Gizmo Watch April 2007

Total (Onscreen) Immersion


No gimmicks make learning a foreign language easy. But there are tools to make it less hard. When I’m headed for a taxi or subway in China, I carry a bunch of flash cards, the best tools I’ve found for learning (and relearning) written characters. The Canon Word Tank V-80, a small handheld device I now carry with me, has a screen on which I sketch in a character I see on a sign or in the paper and then get a translation, plus pronunciation from a digitized voice.

The tool that intrigues me now is Rosetta Stone, the language-learning program sold in booths at airports and advertised in many magazines, including this one. At first its approach struck me as bizarre. The lessons, available for purchase on CD-ROM for around $200 or online for $50 a month (I bought the CDs), contain absolutely no explanation of grammar or vocabulary, or any other information in English. They consist instead of a seemingly endless series of four-panel photos, with a native speaker of Mandarin (or whatever) offering a description of what is taking place in one of the photos. “The boy is falling down.” “A young woman is driving the blue car.” You can choose whether to hear the description, see it in writing, or both. You click on the screen to choose which photo best corresponds to the description.

The whole process, as I was told by Duane Sider, Rosetta Stone’s director of learning, “is meant to mimic the immersion process by which we all learn to understand and speak a language as children.” You can repeat what you have heard, using your computer’s microphone. A “voice print” then appears onscreen, showing how the tone, pitch, and emphasis of what you said matches (or in my case, varies from) the native speaker’s. (The company’s Web site offers free demo lessons.) My ear for language is poor, and this visual feedback has helped me improve my pronunciation, including the dreaded Chinese tones, more than ordinary teachers could. It’s a shrewd use of computerized technology.

Presented by

James Fallows is a national correspondent for The Atlantic and has written for the magazine since the late 1970s. He has reported extensively from outside the United States and once worked as President Carter's chief speechwriter. His latest book is China Airborne. More

James Fallows is based in Washington as a national correspondent for The Atlantic. He has worked for the magazine for nearly 30 years and in that time has also lived in Seattle, Berkeley, Austin, Tokyo, Kuala Lumpur, Shanghai, and Beijing. He was raised in Redlands, California, received his undergraduate degree in American history and literature from Harvard, and received a graduate degree in economics from Oxford as a Rhodes scholar. In addition to working for The Atlantic, he has spent two years as chief White House speechwriter for Jimmy Carter, two years as the editor of US News & World Report, and six months as a program designer at Microsoft. He is an instrument-rated private pilot. He is also now the chair in U.S. media at the U.S. Studies Centre at the University of Sydney, in Australia.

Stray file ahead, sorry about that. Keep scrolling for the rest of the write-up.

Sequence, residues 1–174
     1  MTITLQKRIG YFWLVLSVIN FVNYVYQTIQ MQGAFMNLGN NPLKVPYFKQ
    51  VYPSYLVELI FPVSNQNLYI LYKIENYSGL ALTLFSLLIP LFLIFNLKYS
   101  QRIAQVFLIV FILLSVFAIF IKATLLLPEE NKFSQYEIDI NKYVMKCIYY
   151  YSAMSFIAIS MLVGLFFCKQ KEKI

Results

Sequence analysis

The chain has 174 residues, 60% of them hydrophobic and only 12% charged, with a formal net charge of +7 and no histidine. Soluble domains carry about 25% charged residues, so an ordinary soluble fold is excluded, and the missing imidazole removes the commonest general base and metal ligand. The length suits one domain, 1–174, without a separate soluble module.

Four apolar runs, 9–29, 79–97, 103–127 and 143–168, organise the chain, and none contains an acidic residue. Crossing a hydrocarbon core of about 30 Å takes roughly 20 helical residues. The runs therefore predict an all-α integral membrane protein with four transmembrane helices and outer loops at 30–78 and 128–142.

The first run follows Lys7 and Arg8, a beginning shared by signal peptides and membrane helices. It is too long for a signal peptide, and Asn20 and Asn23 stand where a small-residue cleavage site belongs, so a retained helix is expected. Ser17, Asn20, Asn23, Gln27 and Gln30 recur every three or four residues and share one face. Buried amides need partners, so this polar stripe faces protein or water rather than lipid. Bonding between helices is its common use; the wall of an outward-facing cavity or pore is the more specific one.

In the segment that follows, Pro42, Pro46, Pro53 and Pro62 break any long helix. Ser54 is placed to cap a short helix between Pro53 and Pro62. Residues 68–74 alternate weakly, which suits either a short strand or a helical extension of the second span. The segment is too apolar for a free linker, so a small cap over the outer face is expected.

Fallows has been a finalist for the National Magazine Award five times and has won once; he has also won the American Book Award for nonfiction and a N.Y. Emmy award for the documentary series Doing Business in China. He was the founding chairman of the New America Foundation. His recent books Blind Into Baghdad (2006) and Postcards From Tomorrow Square (2009) are based on his writings for The Atlantic. His latest book is China Airborne. He is married to Deborah Fallows, author of the recent book Dreaming in Chinese. They have two married sons.

Fallows welcomes and frequently quotes from reader mail sent via the "Email" button below. Unless you specify otherwise, we consider any incoming mail available for possible quotation -- but not with the sender's real name unless you explicitly state that it may be used. If you are wondering why Fallows does not use a "Comments" field below his posts, please see previous explanations here and here.
Get Today's Top Stories in Your Inbox (preview)

What Do You See When You Look in the Mirror?

In a series of candid video interviews, women talk about self-image, self-judgment, and what it means to love their bodies

Elsewhere on the web


Adventures in Legal Weed

Colorado is now well into its first year as the first state to legalize recreational marijuana. How's it going? James Hamblin visits Aspen.


What Makes a Story Great?

The storytellers behind House of CardsandThis American Life reflect on the creative process.


Tracing Sriracha's Origin to Thailand

Ever wonder how the wildly popular hot sauce got its name? It all started in Si Racha.


Where Confiscated Wildlife Ends Up

A government facility outside of Denver houses more than a million products of the illegal wildlife trade, from tigers and bears to bald eagles.


Is Wine Healthy?

James Hamblin prepares to impress his date with knowledge about the health benefits of wine.


The World's Largest Balloon Festival

Nine days, more than 700 balloons, and a whole lot of hot air



More in Technology

More back issues, Sept 1995 to present.

Just In